- With a menu that is updated on a daily basis, dishes change dependent upon the produce that has arrived into the restaurant that morning.
- The addition of Heaney’s to the restaurant scene in Cardiff has been one of the most anticipated and exciting prospects this year. It’s fair to say that Tommy Heaney is a gifted chef who has an excellent understanding of flavours and ingredients, resulting in simple, honest and innovative dishes.
- Ten chef’s nights were announced as part of the Kickstarter campaign, which will see Tommy Heaney collaborating in the kitchen with the likes of Chef’s Richard Bainbridge, Matt Worswick, Tom Brown and Ellis Barrie. To whet your appetite, these were the tasting menu dishes from the Peter Sanchez-Iglesias night this week. If you missed out, limited tables are released closer to the dates, and I would highly recommend making that reservation.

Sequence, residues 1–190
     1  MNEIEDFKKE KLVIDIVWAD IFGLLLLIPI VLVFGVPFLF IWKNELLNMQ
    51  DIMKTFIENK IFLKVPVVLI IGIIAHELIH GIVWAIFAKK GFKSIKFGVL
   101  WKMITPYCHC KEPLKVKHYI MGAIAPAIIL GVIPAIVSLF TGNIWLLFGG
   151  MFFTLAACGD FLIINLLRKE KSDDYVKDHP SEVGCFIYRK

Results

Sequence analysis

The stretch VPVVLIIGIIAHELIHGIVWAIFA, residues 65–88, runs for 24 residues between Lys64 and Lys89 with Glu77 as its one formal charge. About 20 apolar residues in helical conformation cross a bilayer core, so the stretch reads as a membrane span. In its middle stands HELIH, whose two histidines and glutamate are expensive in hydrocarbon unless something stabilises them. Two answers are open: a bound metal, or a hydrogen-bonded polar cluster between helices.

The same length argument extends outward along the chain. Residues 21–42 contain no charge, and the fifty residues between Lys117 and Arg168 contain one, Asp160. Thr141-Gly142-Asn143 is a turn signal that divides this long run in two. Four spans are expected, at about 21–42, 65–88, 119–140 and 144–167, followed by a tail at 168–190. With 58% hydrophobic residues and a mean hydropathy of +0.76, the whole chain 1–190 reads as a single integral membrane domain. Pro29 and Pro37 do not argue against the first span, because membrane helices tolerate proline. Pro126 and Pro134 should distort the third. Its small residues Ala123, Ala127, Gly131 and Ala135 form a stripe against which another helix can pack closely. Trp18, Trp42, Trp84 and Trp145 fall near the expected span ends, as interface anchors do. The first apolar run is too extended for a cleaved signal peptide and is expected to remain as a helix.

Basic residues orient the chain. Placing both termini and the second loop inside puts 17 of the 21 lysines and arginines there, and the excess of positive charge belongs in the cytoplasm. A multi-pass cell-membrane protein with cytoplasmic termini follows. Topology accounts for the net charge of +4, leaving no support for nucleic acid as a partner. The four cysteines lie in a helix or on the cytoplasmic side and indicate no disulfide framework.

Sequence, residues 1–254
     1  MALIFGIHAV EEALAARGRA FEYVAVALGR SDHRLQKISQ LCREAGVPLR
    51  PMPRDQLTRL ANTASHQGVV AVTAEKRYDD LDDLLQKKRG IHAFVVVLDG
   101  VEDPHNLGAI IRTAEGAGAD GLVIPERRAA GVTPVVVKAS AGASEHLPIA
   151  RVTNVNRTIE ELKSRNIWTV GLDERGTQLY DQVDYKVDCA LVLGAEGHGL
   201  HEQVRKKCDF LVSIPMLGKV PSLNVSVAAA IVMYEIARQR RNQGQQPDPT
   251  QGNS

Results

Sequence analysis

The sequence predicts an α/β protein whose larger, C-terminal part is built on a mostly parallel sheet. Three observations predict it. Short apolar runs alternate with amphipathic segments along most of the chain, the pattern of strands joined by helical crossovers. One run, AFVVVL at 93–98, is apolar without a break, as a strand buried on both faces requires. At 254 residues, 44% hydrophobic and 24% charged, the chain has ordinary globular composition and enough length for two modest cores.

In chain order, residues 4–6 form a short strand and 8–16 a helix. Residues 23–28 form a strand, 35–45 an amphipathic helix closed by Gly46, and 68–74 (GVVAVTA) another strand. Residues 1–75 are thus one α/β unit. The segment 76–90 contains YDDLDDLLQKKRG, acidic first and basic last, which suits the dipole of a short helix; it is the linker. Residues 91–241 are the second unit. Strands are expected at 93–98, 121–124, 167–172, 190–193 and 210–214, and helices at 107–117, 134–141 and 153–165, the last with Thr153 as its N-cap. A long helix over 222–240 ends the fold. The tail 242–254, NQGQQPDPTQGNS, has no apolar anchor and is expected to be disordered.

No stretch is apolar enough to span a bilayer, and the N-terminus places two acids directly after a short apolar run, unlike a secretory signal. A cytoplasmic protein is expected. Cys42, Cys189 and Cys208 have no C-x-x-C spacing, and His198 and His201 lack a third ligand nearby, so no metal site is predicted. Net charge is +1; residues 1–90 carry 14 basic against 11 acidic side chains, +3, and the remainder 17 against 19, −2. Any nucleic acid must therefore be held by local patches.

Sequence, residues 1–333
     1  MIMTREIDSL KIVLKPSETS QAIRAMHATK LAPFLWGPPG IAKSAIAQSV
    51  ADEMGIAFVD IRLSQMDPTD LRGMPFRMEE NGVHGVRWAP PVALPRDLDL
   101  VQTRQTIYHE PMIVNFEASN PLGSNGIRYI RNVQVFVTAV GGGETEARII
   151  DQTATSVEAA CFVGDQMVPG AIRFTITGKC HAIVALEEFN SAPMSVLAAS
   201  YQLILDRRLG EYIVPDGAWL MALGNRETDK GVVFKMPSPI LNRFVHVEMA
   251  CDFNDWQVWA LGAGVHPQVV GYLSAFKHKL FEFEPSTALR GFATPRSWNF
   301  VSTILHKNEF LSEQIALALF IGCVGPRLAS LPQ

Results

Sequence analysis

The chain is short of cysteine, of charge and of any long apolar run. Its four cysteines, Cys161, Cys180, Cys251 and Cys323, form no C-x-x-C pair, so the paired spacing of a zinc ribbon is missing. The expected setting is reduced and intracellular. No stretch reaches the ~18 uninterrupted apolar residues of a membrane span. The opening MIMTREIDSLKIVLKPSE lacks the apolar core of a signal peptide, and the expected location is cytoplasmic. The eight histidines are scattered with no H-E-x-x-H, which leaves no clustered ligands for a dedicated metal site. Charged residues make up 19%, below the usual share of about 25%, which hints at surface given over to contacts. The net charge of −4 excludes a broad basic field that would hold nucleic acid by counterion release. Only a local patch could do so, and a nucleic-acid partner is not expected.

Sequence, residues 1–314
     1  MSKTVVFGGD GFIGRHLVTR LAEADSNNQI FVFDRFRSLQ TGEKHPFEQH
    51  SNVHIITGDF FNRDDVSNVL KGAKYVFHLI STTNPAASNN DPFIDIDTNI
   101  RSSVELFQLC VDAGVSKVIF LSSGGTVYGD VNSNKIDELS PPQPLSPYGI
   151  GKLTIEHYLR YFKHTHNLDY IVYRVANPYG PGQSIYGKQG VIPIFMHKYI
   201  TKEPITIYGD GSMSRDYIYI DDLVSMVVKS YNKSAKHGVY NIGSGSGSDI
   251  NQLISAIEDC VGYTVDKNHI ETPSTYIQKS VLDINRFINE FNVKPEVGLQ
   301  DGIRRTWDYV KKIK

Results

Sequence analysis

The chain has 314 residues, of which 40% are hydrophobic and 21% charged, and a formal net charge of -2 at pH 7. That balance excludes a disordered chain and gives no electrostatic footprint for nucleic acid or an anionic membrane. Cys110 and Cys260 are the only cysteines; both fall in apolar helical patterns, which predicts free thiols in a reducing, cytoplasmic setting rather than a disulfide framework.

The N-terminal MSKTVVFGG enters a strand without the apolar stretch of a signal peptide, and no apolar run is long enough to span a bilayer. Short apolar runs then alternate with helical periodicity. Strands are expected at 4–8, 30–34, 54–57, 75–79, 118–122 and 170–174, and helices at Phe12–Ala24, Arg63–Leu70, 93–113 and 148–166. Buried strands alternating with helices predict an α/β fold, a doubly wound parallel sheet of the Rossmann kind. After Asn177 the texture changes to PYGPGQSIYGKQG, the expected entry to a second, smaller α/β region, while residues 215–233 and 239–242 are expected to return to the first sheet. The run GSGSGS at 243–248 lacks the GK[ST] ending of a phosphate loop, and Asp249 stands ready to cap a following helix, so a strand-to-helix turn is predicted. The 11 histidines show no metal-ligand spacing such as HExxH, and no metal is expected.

Looking back at my introduction to Tommy Heaney’s food earlier this year at The Great House, I’m glad to see that while some things evidently do change…some things do not. Again, I would define this venture as a wonderful dining experience in welcoming and relaxed surroundings, that truly reflects some of the best in Welsh cooking.
Yet at the risk of sounding like a Great British Menu veteran chef feedback session (will it be a however, or a but?) – as I raised initially, I believe that ‘perception’ is going to play a far bigger role in the success of this restaurant than in, perhaps, any other in Cardiff. And I don’t just mean whether you’re going to develop a taste for marmite, or willing to risk braving an oyster for the first time in your life.